Driving Blind

Why do drive-up ATMs have options in Braille?

The last time you drove up to use the ATM machine, did you notice that the instructions and options were not only offered for the sighted, but also for the visually impaired?  In case you haven’t, the buttons and other pertinent information are available in Braille in addition to regular print.

I’d like to state that I’m completely in support of helping those with special needs, whether they’re wheelchair bound, deaf, blind, or what have you.  I am by no means an expert on the subject, but I believe that although many efforts have been made to improve public facilities and programs for the disabled, there is still much more to be done.  However, let’s also be realistic and use some common sense.

The probability of a blind person driving up to an ATM is zero (and if it’s a number higher than that, I find that scary and disturbing).  If the person is a passenger in the car, the chance that he or she will get out of the car to use the ATM is also most likely to be zero.  Perhaps a blind person lives near the ATM, but walking to a drive-up ATM is dangerous for anyone let alone someone sightless who can easily be hurt by cavalier drivers.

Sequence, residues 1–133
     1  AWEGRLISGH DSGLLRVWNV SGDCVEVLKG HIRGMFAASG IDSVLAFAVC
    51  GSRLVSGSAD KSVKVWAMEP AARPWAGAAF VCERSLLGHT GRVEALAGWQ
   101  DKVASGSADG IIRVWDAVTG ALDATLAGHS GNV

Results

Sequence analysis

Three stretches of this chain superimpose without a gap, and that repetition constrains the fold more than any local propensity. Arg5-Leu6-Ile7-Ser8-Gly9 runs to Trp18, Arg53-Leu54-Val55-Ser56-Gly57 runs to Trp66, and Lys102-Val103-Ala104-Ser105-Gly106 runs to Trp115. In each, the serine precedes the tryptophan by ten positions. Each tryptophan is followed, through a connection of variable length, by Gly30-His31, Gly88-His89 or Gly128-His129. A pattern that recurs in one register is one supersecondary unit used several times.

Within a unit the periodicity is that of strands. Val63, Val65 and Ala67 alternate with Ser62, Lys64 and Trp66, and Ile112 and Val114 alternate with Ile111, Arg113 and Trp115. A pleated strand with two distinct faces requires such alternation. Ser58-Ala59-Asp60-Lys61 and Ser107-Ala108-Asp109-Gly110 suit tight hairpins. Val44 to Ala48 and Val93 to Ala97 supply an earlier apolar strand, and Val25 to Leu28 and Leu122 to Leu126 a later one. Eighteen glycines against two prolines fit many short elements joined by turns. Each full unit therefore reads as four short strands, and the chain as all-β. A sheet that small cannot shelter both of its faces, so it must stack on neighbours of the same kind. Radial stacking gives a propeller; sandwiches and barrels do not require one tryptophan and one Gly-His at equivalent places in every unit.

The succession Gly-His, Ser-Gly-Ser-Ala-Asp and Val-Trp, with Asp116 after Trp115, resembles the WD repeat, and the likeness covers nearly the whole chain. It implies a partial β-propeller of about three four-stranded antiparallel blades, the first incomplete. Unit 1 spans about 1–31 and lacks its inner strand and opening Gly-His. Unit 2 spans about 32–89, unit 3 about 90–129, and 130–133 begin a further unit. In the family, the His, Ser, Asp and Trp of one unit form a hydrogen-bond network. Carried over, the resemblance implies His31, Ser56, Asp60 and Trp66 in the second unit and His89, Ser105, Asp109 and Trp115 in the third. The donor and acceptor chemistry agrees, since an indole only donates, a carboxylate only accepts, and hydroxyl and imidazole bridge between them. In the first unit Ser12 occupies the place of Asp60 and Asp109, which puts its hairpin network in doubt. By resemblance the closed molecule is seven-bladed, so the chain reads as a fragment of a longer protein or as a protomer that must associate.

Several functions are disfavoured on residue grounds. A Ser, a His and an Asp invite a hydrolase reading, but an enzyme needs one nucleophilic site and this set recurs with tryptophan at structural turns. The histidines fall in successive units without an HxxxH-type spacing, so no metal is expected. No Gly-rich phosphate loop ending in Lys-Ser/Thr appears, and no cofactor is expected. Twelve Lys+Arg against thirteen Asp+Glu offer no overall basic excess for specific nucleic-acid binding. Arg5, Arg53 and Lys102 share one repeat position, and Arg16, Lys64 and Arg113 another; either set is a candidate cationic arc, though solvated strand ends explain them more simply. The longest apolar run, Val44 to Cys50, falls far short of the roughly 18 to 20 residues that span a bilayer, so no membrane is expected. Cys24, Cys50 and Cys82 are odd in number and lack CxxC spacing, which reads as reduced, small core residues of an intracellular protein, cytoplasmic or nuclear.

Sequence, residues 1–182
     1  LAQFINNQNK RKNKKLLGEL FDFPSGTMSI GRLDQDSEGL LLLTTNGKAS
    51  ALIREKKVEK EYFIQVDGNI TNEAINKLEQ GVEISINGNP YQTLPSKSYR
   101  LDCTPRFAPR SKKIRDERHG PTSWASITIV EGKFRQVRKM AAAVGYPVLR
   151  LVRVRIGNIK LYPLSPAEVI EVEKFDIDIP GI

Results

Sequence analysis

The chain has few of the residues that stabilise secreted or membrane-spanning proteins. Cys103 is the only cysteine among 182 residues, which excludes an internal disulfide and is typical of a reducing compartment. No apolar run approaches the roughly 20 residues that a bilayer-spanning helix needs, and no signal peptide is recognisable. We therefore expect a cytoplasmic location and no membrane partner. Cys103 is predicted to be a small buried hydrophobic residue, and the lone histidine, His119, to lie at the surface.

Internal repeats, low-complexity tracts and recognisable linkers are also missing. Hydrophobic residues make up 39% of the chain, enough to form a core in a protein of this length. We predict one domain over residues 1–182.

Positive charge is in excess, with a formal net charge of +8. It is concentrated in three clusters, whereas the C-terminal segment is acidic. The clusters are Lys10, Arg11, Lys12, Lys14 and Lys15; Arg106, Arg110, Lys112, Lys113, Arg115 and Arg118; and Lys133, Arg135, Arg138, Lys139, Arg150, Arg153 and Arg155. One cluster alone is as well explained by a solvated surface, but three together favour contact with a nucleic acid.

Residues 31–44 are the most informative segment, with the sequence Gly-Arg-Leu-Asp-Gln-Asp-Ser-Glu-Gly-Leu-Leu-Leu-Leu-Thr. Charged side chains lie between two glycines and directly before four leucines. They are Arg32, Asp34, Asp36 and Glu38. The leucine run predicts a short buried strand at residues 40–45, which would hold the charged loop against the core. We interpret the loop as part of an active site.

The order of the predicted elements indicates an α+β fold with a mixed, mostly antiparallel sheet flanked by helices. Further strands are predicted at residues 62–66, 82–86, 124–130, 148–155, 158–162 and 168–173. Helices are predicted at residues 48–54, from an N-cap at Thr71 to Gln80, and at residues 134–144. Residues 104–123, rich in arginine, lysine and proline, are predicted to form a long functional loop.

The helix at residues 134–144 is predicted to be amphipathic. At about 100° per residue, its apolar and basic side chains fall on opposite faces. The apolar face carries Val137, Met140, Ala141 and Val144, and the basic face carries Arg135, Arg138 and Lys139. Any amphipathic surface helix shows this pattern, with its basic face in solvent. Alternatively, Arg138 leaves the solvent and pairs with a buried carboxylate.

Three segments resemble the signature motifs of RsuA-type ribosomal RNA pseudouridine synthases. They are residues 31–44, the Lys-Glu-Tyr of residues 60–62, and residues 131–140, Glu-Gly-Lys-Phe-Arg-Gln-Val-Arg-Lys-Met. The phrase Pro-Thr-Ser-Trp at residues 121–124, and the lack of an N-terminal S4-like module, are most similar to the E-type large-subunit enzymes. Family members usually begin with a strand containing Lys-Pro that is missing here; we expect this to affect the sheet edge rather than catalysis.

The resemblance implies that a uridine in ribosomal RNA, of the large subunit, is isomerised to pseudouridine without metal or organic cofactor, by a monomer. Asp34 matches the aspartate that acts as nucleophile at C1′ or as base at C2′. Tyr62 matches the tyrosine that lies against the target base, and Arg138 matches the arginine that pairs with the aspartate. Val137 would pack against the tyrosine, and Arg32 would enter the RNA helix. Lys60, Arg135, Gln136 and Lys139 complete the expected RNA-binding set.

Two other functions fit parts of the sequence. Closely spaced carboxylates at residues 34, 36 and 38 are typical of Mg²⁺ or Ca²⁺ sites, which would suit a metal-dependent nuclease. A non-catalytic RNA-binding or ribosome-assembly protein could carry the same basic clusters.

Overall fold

Wouldn’t it be better to use Braille on ATMs that are in front of bank buildings or inside malls and stores where the blind are more likely to use them?  It seems to me to be a waste of effort and money to make ATMs accessible to the visually impaired in drive-up locations.  Why can’t we just use our brains and resources to help the disabled in ways that will actually benefit them?

Why, indeed.


Driving Blind — 1 Comment

  1. My guess would be that the manufacturer of the ATM uses the same buttons for all models of their machines, regardless of the intended use. What I’m waiting for is the touch-screen ATM that somehow incorporates braille 🙂

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